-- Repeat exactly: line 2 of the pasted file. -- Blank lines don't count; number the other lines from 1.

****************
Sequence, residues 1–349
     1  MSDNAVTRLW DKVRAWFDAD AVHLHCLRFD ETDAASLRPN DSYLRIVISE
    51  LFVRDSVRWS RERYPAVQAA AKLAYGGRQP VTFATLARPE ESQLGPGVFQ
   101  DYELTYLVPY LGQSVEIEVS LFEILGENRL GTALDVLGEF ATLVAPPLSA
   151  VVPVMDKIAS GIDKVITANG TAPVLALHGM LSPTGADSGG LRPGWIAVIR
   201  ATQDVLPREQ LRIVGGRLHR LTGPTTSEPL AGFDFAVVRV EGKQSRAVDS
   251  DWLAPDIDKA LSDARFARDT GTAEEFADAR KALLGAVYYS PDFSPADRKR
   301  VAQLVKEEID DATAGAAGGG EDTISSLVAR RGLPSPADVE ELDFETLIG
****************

     1  MSDNAVTRLW DKVRAWFDAD AVHLHCLRFD ETDAASLRPN DSYLRIVISE